A girl’s time “in service” in a London house offers young readers a glimpse of life below-stairs in 1911.
Daisy Dobbs is very young when she leaves home to take the position as scullery maid her mother has found for her in a fine London town house. Elderly sisters, the Misses Simms, are her employers, but it is the cook and the parlor maid who tell Daisy what to do. Friendly Mabel Simms, a grown niece visiting from America just in time for the coronation of George V, becomes Daisy’s champion. Mabel intercedes to let Daisy borrow books from her aunts’ library. Mabel defends Daisy against the aunts’ outrage when, left alone on the coronation day, she constructs a tricolor decoration from the laundry pile—including the elderly sisters’ red-flannel bloomers—and hangs it from a window in a burst of celebratory feeling. And Mabel finds a way to salvage her aunts’ dignity and yet free Daisy to go back home and attend school after Daisy heroically saves the household from a kitchen fire. Daisy comes across as a determined little soul in her mob cap and sturdy shoes. Hughes’ ink, gouache, and watercolor art offers details both small and broad, perfectly pitched to young readers. Capturing Daisy’s experience, vignettes of the girl at work toting and scrubbing give way to a full-page illustration of Daisy at rest in her garret bedroom, reading.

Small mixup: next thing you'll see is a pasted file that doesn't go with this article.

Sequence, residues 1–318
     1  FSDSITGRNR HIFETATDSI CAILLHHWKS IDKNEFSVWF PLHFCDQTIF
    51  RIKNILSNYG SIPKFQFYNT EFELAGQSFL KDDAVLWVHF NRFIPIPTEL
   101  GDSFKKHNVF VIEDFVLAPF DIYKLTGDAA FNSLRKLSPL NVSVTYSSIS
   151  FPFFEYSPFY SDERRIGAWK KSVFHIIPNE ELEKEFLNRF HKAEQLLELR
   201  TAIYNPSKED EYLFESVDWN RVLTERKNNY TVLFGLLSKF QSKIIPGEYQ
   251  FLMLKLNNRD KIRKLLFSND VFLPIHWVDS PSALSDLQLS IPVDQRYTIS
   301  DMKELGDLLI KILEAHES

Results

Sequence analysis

An impressive and delightful combination of visual and verbal storytelling evokes empathy and identification with the young heroine. (Picture book. 4-8)